The lead section of this article may need to be rewritten. Use the lead layout guide to ensure the section follows Wikipedia's norms and is inclusive of all essential details. (November 2020) (Learn how and when to remove this template message)

Sant State
Flag of Sant State
Flag of the Sant State
Coat of arms of Sant State
Coat of arms
Territory of the Sant State in the period 1800-1950
Territory of the Sant State in the period 1800-1950
• Established
H.H. Maharana Shri Joraver Sinhji, The Raja of Sant State c. 1922
H.H. Maharana Shri Joraver Sinhji, The Raja of Sant State c. 1922

Santrampur State (Sant State, also spelt Sunth[1] and Soanth[2]) is a former state located in the present-day state of Gujarat, India. It covered an area of approximately 1,367 km2 (528 sq mi) and was bounded on the north by the dominions of Dungarpur and Banswara in Rajputana. On the east was the sub division of Jhalod in the Panch Mahals. On the south it touched the small state of Sanjeli while on the west it was bounded by the State of Lunavada.The State enjoyed a hereditary salute of 9 gun and 11 gun local salute. The rulers of Santrampur are Parmar Rajputs. They claim descent from the Mahipavat branch of the famous Malwa dynasty.


According to bardic history, the state was founded in c. 1255 by an individual named Sant who had been forced to leave Jhalod upon the military defeat of his father, Jalamsingh.[3][1] Sant's brother, Limdev, founded the nearby state of Kadana.[1]

In 1753, The Maharawal of Banswara State, killed the three sons of Rana Ratansinhjii and tried to capture the throne of Sant State; the fourth son who was an infant named Badansinghji was hidden by Kolis of Malwa and grew up in a Koli family. The Maharawal annexed the Sant State in Banswara State and established his army in Sant. After several years, when Badansinghji reached maturity, the Kolis of Malwa attacked the army of Banswara. The Khant Kolis of Malwa defeated the army of Maharawal and threw it out of Sant state. After that, Kolis of Malwa established Rana Badansinghji Pawar at the throne of Sant State.[4][1]

In 1803, Sant State entered into a defensive treaty with the British Government, but the latter subsequently reneged on the treaty under Lord Cornwallis' policy of not entering alliances with Indian states.[1][2] Thereafter, on 10 August 1819, Sant State was party to an agreement between Scindia and Lunawada mediated by the British, which effectively made the state a British vassal.[1][2] The state was placed under the administration of the Rewa Kantha Rewa Kantha Agency in 1825.[1]

In 1913, the state was rocked by an adivasi (Bhil) uprising led by Govindgiri.[5]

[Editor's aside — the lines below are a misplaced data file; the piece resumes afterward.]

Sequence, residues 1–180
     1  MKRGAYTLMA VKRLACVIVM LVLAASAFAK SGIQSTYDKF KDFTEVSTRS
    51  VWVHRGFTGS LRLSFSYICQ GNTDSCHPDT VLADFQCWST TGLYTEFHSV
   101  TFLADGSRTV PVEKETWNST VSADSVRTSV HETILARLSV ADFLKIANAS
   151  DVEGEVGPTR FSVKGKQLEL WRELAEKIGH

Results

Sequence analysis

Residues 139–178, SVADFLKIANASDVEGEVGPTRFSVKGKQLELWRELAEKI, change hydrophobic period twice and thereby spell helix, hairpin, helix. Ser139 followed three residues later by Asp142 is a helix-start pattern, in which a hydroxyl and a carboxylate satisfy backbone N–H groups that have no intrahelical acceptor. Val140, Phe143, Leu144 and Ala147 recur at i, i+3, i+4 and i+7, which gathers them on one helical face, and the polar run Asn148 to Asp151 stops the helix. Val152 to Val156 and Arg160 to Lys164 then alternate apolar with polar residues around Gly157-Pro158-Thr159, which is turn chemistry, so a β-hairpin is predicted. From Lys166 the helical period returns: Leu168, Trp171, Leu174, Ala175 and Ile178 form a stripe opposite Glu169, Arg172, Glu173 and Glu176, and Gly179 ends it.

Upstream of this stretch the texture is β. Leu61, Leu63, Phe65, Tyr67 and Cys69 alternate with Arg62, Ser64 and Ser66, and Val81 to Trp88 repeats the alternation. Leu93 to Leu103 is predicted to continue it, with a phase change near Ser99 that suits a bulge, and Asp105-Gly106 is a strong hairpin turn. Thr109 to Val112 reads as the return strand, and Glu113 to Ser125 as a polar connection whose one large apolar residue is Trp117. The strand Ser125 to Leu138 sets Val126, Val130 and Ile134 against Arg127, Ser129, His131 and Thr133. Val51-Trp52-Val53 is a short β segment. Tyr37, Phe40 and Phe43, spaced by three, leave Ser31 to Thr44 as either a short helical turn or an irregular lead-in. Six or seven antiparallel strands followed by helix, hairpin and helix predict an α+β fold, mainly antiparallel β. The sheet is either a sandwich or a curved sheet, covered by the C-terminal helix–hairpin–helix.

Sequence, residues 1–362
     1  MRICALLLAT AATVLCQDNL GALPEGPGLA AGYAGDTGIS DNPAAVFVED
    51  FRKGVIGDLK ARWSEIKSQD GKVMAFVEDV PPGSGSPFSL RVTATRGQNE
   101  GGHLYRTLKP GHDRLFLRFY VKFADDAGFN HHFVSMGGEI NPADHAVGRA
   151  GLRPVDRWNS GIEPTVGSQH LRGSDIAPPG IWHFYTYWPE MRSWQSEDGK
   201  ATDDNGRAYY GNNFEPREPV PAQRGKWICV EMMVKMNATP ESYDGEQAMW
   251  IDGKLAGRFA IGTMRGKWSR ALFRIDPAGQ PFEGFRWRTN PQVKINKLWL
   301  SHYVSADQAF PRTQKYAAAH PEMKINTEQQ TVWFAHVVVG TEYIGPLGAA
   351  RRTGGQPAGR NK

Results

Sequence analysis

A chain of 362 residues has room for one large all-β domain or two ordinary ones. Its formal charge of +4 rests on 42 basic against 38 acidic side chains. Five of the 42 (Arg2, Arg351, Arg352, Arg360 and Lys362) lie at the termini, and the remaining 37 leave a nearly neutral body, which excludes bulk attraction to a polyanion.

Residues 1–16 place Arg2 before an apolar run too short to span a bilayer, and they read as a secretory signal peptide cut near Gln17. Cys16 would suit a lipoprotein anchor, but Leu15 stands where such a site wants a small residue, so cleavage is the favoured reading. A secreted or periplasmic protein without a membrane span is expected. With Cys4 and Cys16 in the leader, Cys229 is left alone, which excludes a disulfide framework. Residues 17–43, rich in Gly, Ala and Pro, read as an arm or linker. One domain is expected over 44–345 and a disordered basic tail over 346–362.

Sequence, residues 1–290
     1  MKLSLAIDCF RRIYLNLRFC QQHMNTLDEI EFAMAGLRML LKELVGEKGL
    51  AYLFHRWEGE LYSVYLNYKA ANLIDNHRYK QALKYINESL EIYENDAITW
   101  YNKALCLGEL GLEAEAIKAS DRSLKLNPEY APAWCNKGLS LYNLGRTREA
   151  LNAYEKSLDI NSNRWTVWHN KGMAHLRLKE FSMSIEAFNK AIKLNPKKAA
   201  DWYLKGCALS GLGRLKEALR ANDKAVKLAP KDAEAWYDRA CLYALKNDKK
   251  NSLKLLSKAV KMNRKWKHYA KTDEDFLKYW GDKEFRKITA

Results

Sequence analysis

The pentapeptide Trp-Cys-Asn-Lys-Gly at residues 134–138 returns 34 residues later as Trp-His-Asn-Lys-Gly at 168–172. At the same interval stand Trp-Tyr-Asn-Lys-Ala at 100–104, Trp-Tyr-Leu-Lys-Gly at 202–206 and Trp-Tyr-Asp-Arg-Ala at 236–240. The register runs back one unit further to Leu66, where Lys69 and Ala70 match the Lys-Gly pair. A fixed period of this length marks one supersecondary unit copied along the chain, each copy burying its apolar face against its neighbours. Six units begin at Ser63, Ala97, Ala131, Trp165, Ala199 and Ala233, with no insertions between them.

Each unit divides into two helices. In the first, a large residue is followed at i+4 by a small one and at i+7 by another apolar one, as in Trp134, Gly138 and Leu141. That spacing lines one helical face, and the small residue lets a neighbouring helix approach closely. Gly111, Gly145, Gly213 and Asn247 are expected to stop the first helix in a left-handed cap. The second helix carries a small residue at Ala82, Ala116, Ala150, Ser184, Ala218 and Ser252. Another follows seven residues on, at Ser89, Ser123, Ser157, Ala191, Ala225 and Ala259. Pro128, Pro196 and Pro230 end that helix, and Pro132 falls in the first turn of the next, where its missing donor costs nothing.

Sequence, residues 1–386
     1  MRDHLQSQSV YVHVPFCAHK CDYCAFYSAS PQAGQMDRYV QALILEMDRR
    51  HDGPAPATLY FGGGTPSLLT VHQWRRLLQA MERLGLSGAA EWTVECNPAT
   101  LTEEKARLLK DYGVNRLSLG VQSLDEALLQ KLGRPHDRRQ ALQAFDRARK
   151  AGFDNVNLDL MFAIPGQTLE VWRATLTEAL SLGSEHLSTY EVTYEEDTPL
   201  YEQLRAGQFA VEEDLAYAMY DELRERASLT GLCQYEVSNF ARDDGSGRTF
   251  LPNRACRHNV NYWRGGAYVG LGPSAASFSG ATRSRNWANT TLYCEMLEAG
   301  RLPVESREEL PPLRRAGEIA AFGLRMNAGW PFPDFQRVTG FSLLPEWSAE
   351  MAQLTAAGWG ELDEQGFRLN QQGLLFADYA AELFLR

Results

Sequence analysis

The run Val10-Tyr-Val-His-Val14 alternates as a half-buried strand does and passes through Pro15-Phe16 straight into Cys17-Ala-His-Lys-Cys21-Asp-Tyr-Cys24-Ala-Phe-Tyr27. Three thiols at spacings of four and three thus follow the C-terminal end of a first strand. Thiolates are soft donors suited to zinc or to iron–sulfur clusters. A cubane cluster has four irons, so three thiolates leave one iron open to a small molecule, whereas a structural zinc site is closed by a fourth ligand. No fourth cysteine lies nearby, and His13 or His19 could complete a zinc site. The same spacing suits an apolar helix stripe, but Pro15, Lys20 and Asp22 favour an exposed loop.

The last ruler of Sant State signed the accession to the Indian Union on 10 June 1948,[citation needed] by which the state ceased to exist and merged into Gujarat, and was assigned a Privy purse of 112,000 Rupees.


Rulers of Sant belongs to the Mahipavat branch of the Parmar clan of the Rajputs.[6][7][8][9] The state is said to have been founded in the year 1255 by Sunth.[8][9]

The Ruler of Sant is entitled to be received by the His Excellency the Viceroy and Governor-General of India and to be received and visited by the His Excellency the Governor of Bombay.[8]

The ruler of Sant is titled as Maharana with the style of His Highness.[10] His Highness the Maharana of Sant is entitled to a salute of 9 guns.[9][10]

See also


  1. ^ a b c d e f g Gazetteer of the Bombay Presidency: Rewa Kántha, Nárukot, Cambay, and Surat states. Government Central Press. 1880.
  2. ^ a b c Aitchison, C.U.; Talbot, A.C (1876). A collection of treaties, engagements, and sunnuds relating to India and neighboring countries. Vol. IV. Calcutta: Foreign Office Press.
  3. ^ List of ruling princes and chiefs in political relations with the Government of Bombay and their leading officials, nobles and personages. Calcutta: Central Publication Branch. 1931.
  4. ^ Solomon, R. V.; Bond, J. W. (2006). Indian States: A Biographical, Historical, and Administrative Survey. Asian Educational Services. ISBN 9788120619654.
  5. ^ Parmar, Ladhabhai Harji (1922). The Rewakantha Directory. Rajkot: Parmar Press. pp. 53.
  6. ^ Sunth State (India, British) (1916). Administration Report of the Sunth State for the year 1914-15 to 1918-19 (bounded together). The Government Central Press (Sunth).
  7. ^ Sunth State (India, British) (1912). Administration Report of Sunth State, for the year 1910-1911 to 1913-14 (bounded together). The Government Central Press (Sunth).
  8. ^ a b c Memoranda on Native States in India, Together with a List of Independent Ruling Chiefs, Chiefs of Frontier States, and Other Notables with Their Proper Forms of Address. Superintendent Government Print., India. 1911.
  9. ^ a b c Newul Kishore Press Lucknow (1911). Whos Who In India Vol-ii 1911.
  10. ^ a b Lethbridge, Roper (1893). The golden book of India, a genealogical and biographical dictionary of the ruling princes, chiefs, nobles, and other personages, titled or decorated, of the Indian empire. Robarts - University of Toronto. London Macmillan.

External links and sources

Coordinates: 23°11′22″N 73°53′34″E / 23.18947°N 73.8928°E / 23.18947; 73.8928